Product Review: Schick Xtreme 3 Fitstyle Refresh

If Michael Jackson were to write a song about this razor, it would be called “Bad.” If this razor were a woman, it would be Roseanne Barr. If this razor were a space shuttle, it would be the Challenger. If this razor were a car, it would be a Ford Festiva. If this razor were a Band-Aid, it would be the kind that doesn’t have enough adhesive to stick.

The Xtreme3 is loaded with three blades as the name would suggest. It’s called the Fitstyle Refresh because it has a strip below the razor with both a mysterious “pre-shave oil” and Vitamin E, meant to coat your skin as you glide along the rest of your face. Though marketed as having a “new refreshing scented handle for an invigorating shave,” I didn’t find that to be the case.

While I was shaving with it, I didn’t notice any additional scent, so I placed it directly under my nose to take a whiff and still couldn’t detect a scent other than a plastic handle. I smelled all four razors in the package and none of them smelled like anything.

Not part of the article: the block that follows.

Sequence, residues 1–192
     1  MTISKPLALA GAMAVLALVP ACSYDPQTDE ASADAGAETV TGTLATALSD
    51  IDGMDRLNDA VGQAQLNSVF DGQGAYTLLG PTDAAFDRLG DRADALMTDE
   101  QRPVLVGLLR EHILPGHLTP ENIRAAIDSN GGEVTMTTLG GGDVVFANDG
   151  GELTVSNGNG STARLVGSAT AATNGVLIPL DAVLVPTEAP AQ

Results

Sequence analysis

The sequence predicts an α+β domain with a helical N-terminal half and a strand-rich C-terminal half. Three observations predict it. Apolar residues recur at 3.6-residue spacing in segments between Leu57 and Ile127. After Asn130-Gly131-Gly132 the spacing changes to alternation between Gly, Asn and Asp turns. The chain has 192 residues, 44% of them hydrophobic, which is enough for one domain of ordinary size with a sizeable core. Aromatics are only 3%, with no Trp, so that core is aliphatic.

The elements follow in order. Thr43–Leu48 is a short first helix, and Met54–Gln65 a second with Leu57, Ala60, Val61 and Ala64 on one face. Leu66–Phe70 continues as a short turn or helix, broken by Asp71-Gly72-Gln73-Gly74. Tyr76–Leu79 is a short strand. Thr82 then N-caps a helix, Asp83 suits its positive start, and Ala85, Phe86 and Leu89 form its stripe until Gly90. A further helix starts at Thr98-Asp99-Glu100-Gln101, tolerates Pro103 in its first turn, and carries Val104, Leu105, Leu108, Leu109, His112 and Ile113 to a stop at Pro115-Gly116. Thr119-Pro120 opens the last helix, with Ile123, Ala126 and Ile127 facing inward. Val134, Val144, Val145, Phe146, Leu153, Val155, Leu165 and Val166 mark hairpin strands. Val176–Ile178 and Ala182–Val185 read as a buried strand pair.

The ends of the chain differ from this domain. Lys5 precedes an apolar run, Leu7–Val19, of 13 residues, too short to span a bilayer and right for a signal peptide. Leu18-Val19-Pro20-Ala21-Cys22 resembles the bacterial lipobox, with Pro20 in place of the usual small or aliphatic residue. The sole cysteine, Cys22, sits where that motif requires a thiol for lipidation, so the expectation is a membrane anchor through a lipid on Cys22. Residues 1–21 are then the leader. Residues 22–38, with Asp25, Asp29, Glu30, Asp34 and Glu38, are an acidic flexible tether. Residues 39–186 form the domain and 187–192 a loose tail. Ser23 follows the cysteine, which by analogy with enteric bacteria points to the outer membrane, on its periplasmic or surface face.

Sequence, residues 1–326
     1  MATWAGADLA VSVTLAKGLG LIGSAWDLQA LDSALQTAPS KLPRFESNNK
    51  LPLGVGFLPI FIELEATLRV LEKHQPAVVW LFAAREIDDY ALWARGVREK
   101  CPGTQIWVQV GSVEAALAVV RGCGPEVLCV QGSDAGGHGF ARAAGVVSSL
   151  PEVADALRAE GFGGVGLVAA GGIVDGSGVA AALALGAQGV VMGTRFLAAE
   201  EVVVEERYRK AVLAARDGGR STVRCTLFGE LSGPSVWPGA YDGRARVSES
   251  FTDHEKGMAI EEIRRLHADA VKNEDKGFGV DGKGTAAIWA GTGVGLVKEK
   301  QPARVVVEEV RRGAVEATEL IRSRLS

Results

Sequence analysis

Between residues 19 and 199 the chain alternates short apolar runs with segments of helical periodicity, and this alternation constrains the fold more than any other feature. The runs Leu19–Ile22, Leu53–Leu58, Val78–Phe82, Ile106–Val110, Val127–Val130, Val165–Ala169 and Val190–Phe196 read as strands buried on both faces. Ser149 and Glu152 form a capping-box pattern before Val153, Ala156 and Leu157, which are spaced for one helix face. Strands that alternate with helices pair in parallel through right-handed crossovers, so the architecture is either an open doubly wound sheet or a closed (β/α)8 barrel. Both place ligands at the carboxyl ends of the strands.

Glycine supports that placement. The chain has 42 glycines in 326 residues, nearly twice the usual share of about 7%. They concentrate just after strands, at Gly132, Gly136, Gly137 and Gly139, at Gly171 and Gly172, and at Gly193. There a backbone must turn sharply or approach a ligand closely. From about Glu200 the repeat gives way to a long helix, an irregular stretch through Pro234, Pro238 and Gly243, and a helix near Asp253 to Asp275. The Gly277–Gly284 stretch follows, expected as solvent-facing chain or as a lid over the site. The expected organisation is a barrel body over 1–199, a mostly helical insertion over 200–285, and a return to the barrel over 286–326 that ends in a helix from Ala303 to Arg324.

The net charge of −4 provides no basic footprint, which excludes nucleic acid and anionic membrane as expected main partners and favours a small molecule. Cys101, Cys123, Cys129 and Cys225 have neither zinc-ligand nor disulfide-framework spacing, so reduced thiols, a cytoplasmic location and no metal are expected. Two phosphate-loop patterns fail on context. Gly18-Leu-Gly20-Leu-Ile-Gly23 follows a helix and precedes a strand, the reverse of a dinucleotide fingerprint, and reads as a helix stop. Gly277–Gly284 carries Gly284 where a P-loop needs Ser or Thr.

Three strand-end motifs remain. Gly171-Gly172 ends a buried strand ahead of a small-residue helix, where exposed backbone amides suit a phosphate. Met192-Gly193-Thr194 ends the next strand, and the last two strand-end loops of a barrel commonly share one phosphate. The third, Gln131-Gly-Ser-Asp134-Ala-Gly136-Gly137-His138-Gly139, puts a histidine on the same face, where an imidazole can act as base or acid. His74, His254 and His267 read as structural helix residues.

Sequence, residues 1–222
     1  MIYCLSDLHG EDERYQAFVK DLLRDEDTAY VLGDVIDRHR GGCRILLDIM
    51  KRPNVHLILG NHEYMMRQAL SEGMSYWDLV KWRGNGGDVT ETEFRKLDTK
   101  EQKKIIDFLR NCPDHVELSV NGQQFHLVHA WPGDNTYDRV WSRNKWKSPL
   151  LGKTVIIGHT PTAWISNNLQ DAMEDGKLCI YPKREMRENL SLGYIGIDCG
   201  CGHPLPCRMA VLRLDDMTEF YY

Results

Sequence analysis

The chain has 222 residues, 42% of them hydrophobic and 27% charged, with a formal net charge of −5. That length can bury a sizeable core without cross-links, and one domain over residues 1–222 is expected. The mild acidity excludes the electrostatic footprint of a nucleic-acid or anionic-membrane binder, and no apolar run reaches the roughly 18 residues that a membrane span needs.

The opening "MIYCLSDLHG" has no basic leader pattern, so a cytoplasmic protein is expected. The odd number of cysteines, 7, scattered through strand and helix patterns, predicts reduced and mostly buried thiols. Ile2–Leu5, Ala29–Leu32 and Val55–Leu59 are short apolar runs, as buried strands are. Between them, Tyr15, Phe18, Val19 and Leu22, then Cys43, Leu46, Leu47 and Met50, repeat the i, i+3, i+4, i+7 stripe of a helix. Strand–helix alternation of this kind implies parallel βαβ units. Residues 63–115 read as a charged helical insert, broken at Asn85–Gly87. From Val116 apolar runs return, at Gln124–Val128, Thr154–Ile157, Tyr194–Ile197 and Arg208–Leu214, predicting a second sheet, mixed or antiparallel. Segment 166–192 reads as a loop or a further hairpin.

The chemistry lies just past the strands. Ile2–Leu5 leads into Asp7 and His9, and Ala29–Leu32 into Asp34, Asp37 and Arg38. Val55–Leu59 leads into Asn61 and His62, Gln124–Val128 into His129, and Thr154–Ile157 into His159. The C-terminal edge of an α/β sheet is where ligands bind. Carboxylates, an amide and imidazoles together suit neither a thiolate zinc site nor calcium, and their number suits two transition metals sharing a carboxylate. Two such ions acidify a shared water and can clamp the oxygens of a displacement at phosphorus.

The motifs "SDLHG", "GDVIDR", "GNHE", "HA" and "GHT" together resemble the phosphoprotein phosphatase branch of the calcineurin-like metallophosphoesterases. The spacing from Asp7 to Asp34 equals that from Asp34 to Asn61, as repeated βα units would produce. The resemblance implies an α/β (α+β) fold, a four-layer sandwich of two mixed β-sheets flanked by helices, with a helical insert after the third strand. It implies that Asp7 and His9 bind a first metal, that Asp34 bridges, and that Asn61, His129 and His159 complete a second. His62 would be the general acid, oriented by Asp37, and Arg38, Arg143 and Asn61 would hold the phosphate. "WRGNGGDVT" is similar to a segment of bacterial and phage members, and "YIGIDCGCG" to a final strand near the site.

According to the packaging the razor came in, the Fitstyle Refresh is the “#1 flexible blade disposable razor.” But I wouldn’t agree it all; I don’t even think it’s the #1 disposable razor in its own family, sort of like Emilio Estevez. There is no way it is better than the Schick Xtreme3 (Martin Sheen) or the Schick Hydro 5 Power Select (Charlie Sheen).

Compared to several of Schick’s other offerings, I wasn’t very impressed with the Xtreme3 Fitstyle Refresh. I found it to be incredibly stiff, like Newt Gingrich at a Wham reunion concert, because it didn’t move with the contours of my face at all. I know it’s a disposable razor, but there was no weight to it whatsoever, which I think was a problem in terms of effectiveness.

Several times during the shave, I had to re-shave an area more than once, particularly the area where my mustache would be if I could grow one. Which is pretty bad, because if you can grow a mustache, plan on shaving that area about five times. And getting way more chicks than me; congrats. Somehow, it took more skin off of my face than hair.

I was extremely disappointed with the lack of effectiveness exhibited by the Fitstyle Refresh. Ff you want a good disposable razor from Schick, check out the Schick Xtreme3 or the Schick Hydro 5 Power Select instead.

  

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Doing the Math: Here’s How CBS Can Subtract Sheen and Still Come Up With “Two and a Half Men”